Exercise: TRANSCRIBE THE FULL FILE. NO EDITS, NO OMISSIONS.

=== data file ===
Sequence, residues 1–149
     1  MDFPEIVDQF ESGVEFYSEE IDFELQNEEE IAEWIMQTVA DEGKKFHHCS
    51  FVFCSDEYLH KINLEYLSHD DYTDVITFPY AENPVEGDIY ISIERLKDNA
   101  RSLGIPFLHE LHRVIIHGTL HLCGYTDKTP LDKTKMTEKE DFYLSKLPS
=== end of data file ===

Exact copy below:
Sequence, residues 1–149
     1  MDFPEIVDQF ESGVEFYSEE IDFELQNEEE IAEWIMQTVA DEGKKFHHCS
    51  FVFCSDEYLH KINLEYLSHD DYTDVITFPY AENPVEGDIY ISIERLKDNA
   101  RSLGIPFLHE LHRVIIHGTL HLCGYTDKTP LDKTKMTEKE DFYLSKLPS